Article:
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Magnetic studies of ultrathin slabs of copper-oxide materials reveal that at very low temperatures, the thinnest, isolated layers lose their long-range magnetic order and instead behave like a “quantum spin liquid” — a state of matter where the orientations of electron spins fluctuate wildly. This unexpected discovery by scientists at the U.S. Department of Energy’s (DOE) Brookhaven National Laboratory and collaborators at the Paul Scherrer Institute in Switzerland may offer support for the idea that this novel condensed state of matter is a precursor to the emergence of high-temperature superconductivity — the ability to carry current with no resistance.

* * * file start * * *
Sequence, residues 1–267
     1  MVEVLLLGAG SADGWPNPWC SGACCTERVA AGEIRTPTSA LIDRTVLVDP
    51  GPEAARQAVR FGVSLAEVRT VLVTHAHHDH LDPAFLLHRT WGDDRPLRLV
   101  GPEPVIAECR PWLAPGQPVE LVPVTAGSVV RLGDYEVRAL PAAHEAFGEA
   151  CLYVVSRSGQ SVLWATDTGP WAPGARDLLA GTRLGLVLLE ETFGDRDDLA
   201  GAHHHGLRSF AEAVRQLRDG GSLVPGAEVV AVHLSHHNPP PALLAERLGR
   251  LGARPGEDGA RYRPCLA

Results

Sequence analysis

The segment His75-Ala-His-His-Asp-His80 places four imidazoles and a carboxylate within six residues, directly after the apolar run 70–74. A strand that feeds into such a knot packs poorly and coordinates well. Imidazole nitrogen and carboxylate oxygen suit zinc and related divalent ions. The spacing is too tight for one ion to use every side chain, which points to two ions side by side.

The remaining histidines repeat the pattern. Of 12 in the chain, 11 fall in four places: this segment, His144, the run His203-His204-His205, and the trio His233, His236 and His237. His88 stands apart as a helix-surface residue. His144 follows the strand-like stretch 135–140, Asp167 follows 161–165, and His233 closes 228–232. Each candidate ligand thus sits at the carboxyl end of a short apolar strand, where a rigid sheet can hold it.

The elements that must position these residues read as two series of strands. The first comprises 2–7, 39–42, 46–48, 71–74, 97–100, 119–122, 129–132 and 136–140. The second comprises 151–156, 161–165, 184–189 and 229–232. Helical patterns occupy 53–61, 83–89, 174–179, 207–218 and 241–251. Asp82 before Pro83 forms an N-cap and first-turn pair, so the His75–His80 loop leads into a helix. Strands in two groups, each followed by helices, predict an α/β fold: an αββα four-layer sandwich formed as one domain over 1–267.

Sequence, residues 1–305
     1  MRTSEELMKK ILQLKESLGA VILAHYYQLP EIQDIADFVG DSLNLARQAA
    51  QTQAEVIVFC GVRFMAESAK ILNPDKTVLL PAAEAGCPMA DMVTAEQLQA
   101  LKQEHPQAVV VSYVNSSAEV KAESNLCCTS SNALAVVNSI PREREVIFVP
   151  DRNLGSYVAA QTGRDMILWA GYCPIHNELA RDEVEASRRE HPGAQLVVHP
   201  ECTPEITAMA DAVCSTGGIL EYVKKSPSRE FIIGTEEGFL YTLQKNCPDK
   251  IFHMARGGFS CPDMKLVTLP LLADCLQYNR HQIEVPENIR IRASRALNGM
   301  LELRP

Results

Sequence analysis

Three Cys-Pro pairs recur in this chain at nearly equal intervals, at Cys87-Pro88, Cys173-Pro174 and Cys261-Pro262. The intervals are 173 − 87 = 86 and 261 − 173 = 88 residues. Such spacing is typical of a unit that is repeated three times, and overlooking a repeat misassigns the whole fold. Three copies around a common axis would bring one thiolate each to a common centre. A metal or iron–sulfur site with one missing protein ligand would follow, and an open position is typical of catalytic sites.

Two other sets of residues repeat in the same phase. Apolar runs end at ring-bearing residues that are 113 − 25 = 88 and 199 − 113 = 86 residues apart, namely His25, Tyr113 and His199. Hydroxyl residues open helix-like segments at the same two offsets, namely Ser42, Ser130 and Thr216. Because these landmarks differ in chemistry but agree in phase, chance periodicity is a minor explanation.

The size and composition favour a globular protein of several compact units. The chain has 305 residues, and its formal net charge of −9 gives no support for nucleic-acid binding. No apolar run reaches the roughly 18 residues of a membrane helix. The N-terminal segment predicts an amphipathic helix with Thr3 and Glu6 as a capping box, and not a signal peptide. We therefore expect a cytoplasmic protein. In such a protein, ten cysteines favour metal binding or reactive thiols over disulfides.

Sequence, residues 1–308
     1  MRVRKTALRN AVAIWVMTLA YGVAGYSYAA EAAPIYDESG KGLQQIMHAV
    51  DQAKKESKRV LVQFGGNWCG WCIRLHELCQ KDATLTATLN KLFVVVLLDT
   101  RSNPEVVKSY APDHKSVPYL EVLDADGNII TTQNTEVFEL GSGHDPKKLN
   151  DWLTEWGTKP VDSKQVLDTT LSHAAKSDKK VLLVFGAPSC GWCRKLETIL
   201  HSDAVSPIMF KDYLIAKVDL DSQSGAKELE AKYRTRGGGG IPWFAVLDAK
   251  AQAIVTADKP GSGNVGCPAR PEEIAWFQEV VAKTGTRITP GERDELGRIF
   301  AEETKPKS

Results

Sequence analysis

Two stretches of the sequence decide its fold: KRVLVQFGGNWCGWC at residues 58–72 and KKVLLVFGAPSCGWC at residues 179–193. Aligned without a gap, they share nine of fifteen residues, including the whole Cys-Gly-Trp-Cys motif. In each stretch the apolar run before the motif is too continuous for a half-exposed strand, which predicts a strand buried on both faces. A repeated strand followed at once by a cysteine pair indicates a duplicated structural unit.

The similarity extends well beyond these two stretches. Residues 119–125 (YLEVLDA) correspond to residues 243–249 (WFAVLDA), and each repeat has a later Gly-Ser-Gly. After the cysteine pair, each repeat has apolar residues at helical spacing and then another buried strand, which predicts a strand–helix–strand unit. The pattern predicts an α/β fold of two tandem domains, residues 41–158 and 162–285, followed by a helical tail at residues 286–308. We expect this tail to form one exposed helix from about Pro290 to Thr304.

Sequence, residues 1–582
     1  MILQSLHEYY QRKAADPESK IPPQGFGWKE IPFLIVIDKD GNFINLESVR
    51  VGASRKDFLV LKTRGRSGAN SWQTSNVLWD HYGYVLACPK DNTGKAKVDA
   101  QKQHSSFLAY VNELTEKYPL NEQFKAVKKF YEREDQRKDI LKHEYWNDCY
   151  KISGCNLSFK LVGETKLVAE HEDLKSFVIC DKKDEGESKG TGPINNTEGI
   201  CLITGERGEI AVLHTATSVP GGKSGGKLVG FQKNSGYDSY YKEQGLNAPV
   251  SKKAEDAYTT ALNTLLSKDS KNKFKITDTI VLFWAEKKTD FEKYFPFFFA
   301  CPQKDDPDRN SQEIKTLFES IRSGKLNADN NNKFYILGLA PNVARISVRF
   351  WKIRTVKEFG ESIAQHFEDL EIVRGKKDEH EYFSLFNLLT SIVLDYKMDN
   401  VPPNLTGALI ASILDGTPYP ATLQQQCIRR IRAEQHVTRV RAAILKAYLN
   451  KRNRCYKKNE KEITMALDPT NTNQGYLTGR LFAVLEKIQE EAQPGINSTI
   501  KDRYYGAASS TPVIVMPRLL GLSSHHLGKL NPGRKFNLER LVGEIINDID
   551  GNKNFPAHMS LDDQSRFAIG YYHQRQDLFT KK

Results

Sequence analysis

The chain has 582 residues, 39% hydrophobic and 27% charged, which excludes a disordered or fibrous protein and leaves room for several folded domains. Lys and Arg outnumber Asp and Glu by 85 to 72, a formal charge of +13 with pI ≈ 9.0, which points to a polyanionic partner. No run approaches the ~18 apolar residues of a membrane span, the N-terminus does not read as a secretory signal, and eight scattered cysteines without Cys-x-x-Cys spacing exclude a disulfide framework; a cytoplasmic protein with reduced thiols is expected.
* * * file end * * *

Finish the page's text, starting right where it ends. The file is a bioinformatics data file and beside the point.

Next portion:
The hope is that this research, just published online in Physical Review Letters*, will lead to a deeper understanding of the physics of high-temperature superconductivity and advance the quest for new and better superconductors for meeting the nation’s and world’s energy needs.

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Category: Science